Rader-Day’s Little Pretty Things sprints head-on into the disappointing existence of former high school (almost) track star, Juliet. Twenty-eight-year-old college drop-out and kleptomaniac, surviving paycheck to paycheck on a dead-end job at a hellhole motel in the stagnant US Midwest, Juliet has always been almost, nearly worth something… but not quite. She’s a lifetime second-placer, a scavenger of other people’s prettier lives.
‘I’d meant to take my thirty-minute break to get out of Maddy’s ratified, spice-cookie air, to brace myself for the knowledge that I’d be the one to clean her fair locks out of the shower drain in room two-oh-two the next morning. “Please?” Maddy said. “We could catch up.” Catching up with Maddy was the one thing I’d never been able to do.’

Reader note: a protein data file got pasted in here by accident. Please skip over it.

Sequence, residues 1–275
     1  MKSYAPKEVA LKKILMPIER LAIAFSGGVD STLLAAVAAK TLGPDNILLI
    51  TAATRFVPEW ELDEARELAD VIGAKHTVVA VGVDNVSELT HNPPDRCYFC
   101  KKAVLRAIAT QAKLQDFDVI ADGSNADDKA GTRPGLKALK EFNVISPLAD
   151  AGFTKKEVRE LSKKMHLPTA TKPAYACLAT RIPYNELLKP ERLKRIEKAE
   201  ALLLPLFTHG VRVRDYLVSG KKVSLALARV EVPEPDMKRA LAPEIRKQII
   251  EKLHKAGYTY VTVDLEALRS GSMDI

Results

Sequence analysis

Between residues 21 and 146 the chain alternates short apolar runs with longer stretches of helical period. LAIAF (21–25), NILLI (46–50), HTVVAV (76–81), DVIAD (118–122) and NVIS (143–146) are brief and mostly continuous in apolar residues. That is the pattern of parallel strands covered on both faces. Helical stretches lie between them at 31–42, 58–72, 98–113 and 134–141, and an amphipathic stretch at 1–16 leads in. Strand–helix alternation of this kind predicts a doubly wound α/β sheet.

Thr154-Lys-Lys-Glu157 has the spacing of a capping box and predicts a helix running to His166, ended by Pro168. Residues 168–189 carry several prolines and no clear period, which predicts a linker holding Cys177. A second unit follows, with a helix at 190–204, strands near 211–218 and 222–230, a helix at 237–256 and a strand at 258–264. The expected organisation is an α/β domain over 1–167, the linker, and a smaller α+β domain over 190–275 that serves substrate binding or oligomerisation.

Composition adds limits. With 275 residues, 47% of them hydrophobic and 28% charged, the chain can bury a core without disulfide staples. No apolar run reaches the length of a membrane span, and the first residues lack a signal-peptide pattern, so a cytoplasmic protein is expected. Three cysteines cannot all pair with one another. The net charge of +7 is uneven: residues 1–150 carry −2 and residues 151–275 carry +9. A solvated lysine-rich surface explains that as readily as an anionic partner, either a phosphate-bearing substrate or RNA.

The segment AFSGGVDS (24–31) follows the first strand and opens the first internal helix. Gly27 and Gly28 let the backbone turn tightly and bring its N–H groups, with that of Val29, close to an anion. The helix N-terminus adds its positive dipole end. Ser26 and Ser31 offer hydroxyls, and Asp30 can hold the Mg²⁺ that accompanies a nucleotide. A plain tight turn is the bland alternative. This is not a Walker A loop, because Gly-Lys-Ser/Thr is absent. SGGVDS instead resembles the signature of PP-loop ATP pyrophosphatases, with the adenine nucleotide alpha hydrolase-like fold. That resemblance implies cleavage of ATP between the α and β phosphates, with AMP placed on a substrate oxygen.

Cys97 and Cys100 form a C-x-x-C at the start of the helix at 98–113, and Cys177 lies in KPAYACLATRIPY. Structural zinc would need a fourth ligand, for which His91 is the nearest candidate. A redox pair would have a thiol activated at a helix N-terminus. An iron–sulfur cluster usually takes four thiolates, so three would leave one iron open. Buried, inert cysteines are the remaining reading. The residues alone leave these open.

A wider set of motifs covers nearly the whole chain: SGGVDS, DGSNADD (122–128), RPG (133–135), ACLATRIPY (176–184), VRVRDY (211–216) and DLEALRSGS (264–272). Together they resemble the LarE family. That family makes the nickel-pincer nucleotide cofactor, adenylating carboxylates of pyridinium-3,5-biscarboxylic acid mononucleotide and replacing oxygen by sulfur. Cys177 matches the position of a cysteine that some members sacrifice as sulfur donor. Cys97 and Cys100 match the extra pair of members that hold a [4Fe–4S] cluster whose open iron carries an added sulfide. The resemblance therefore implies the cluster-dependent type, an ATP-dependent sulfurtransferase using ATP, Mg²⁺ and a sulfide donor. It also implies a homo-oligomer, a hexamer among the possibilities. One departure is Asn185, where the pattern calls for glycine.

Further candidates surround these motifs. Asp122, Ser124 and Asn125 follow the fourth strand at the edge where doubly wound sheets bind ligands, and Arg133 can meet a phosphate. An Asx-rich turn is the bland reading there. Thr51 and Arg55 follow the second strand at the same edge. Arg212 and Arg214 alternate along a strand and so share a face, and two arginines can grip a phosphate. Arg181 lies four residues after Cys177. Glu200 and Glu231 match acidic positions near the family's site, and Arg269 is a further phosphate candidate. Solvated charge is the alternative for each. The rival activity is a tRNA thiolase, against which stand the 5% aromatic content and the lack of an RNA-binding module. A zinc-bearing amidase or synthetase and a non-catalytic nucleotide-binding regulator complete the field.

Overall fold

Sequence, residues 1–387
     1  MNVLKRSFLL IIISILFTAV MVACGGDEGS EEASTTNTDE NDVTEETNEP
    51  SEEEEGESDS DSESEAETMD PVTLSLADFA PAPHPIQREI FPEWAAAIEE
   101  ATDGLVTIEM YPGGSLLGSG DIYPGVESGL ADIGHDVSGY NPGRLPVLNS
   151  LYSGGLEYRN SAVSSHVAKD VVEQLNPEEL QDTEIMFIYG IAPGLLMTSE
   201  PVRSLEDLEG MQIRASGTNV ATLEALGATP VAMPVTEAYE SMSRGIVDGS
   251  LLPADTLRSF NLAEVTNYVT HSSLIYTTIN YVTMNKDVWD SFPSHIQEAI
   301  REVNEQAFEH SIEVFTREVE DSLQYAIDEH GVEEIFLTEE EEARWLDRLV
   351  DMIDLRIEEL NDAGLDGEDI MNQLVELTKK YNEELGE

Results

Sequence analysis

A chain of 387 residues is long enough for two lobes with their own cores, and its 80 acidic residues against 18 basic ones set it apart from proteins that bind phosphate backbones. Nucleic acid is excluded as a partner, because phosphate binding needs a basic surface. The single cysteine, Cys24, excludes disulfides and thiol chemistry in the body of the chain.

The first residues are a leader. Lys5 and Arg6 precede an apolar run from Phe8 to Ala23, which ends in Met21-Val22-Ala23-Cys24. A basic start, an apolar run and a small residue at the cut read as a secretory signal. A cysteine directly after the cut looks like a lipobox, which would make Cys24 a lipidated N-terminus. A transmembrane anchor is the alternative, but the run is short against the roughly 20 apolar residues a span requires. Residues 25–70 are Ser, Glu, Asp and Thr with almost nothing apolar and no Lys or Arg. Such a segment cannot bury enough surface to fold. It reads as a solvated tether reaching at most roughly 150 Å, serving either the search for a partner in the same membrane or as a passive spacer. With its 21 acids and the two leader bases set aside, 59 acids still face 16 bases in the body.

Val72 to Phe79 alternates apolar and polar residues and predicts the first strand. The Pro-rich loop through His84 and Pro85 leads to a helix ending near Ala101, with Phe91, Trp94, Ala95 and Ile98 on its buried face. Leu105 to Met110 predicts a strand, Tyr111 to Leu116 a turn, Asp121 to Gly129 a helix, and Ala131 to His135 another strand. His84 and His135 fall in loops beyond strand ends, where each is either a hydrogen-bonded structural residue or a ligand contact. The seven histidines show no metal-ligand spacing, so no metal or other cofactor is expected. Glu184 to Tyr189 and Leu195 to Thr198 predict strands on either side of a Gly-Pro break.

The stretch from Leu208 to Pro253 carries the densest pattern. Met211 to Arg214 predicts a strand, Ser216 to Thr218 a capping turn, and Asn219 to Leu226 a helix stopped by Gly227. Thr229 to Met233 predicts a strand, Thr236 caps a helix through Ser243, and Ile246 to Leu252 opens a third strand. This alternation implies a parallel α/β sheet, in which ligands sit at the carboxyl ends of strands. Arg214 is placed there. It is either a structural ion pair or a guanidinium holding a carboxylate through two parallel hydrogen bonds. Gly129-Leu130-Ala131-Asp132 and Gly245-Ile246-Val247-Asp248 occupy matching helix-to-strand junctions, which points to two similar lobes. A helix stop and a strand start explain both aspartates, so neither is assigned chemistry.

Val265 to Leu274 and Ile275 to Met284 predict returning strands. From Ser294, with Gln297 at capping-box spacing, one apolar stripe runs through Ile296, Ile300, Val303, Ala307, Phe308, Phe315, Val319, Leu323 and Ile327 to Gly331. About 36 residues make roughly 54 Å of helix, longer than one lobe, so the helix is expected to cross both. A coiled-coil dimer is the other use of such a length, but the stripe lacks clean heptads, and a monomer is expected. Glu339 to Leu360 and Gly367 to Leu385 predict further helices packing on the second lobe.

When former high school BFFs Juliet and Maddy meet at the one-star Mid-Night motel ten years after graduation, they exchange heated half-truths and bitter unspoken accusations over a beer. The next morning Maddy is found dead. Juliet was the last one to see her alive and immediately becomes suspect of murder. Worse still, the investigation will be carried out by a former classmate, involve her current co-workers and friends, and interrupt just about everything else in her two-bit town. I may be in danger of one too many track puns, but this story moves fast. A four-minute mile of a whodunit. Juliet, though not always likeable, is thoroughly relatable. Her jealousy, regret, and fears are real, numb, resigned, and strangely un-dramatic.
What I appreciate most with Juliet’s story, and Rader-Day’s writing style, is the looming sense of inevitability. Things seem to always be happening, because they simply cannot happen any other way. This puzzle only has one pattern. Much like Juliet’s view of her own life, running in place. Much, in fact, like the flat inevitability of the Midwest itself, which constricts its inhabitants with sheer endless, unvarying magnitude.
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